I’ll never understand my husband’s interest in Civil War battlefields. What is interesting about the least civil activity known to mankind?
But at his urging, while he attends a training seminar in Shepherdstown, West Virginia, I agree to take my morning walk on the other side of the river, along the “Final Attack Trail.”
And I choose that only because “Bloody Lane” is not by the river.
What ghosts would I find, what remnants of the 23,000 blue and gray-clad men who died here?
And why is it called “Antietam National Battlefield: Recreational Park and Historic Monument?”
By recreational, surely they mean place where history is re-created.
Because ain’t nothin’ fun goin’ on here.
I begin my walk early, before the visitor center opens (9:00 a.m.) and before the dew has evaporated from the lovely grass that lines the trail. Aware my shoes would dampen, I take a quick spin through the cornfields that are now apparently leased to some lucky farmer. The lines of the cornfields follow the undulations of the hills and slip around the interruptions of stone — showing the farmer’s grace and technical skill.
Shadows here are long, tall and ominous, even on this clear bright October morning.
Soon I arrive at the southernmost parking place onsite and slip into a spot next to a Fed-Ex truck where a driver is apparently napping.
As I stumble along the unworn trail through fields of millet that appears almost ready to harvest, I imagine the bodies that fell here. Young men at the primes of their lives, dying, willingly or not, for the causes of freedom from slavery or for freedom of southern lifestyle, whisper here.
Oh, wait, is that what the civil war was about?
I re-create the arguments, the perception of rebel cause, freedom from northern tyranny, from economic hardship, from wearing expensive clothes because cotton-pickers must be paid.
These issues, which remain clouded today, caused the unfathomable pain, heartache and grief of misery that has been perfected it seems, only by man. Suffering imposed on 23,000 families from this battle alone.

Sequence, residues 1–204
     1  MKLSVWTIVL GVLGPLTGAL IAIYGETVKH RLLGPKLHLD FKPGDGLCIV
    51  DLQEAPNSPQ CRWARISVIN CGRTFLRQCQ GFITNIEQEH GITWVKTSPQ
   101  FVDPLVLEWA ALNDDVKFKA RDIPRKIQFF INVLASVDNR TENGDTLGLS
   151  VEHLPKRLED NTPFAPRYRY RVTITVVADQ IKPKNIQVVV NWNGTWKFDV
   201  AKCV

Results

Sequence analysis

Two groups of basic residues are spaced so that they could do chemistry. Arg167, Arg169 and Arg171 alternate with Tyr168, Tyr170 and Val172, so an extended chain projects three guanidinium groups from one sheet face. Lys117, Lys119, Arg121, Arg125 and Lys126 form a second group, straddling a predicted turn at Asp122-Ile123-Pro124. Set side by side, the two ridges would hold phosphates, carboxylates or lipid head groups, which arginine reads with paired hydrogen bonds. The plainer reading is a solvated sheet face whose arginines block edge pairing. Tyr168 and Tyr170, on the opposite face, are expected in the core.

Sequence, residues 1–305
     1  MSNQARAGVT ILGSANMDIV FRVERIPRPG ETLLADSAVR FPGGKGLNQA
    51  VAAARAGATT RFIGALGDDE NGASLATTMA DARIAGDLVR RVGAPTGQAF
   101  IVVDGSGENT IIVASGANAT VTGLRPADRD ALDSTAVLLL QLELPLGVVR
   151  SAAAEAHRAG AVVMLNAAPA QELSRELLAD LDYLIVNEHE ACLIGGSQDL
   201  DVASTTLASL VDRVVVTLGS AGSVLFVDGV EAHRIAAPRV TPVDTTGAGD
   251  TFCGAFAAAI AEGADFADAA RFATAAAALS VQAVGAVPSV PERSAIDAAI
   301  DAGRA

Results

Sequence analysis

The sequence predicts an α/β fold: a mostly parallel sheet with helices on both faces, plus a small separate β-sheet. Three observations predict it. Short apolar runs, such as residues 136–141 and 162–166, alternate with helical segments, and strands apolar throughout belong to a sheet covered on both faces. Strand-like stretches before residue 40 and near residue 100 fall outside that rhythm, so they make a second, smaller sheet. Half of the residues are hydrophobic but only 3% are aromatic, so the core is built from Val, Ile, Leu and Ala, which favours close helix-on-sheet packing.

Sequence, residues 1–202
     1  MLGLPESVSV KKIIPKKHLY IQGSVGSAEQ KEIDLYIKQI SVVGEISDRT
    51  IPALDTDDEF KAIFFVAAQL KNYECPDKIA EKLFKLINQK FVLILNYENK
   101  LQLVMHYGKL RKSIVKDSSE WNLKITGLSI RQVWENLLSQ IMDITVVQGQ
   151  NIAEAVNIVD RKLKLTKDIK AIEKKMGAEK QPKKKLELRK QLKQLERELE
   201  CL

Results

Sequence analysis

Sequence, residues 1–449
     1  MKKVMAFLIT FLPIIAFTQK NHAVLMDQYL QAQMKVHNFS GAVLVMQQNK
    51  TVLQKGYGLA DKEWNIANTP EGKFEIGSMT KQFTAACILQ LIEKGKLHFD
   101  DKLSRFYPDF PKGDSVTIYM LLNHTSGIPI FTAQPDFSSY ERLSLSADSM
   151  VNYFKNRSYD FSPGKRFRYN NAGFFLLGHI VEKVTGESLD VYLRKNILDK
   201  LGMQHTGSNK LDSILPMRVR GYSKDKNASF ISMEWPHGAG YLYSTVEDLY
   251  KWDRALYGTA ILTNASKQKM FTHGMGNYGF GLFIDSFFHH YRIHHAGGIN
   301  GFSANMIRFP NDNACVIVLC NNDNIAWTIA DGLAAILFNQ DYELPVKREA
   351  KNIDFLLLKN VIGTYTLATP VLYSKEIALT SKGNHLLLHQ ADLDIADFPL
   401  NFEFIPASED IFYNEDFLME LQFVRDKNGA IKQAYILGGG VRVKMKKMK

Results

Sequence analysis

My children, upon reaching the age of reason (age 7 in most humans) figured out right away – as most children probably do – that war is not the answer. One of my kids stated, somewhat obviously, ‘why don’t the leaders just sit down and play chess instead?’
As I seek the answer to these interminable questions, I focus on the lettering on the signs. Recognition, nay, glory, is herein handed to the victorious and vanquished alike, (with considerable political skill.) Is that why they went to war? Or was it truly to achieve the result – a little population control?
Why is this so interesting to my husband? I know he doesn’t watch horror films, that’s not the appeal.
All he can tell me is that it is fascinating—and that Antietam is beautiful.
So, it is a lack of imagination that makes it pleasurable to him? An inability to see the horror?
As I stride among the falling yellow leaves of sycamore and hickory trees, wonder when in the intervening 152 years since the bloodbath the cypress groves were planted and watch geese heading south, for just a moment I get a glimpse of the answer.
I pause to read a sign by the river. Rodman’s men climbed up this gulley, an action that saved many of Burnside’s men who were being picked off by riflemen on the ridge … it’s about strategy.
That is what is fascinating about war.
And if so, if my husband in his maleness finds this strategizing fascinating, is able to put aside the horrors my imagination won’t let me put aside … and if this is truly a part of what evolution has made the male human to be, then aren’t video games the answer? Suspend the reality and indulge — thus suspending also the need to exercise war in reality?
Antietam Creek runs slowly enough that even a canoe with a Labrador puppy aboard would not flip. It offers reflection, a need to find an upside.
He is right, it is beautiful.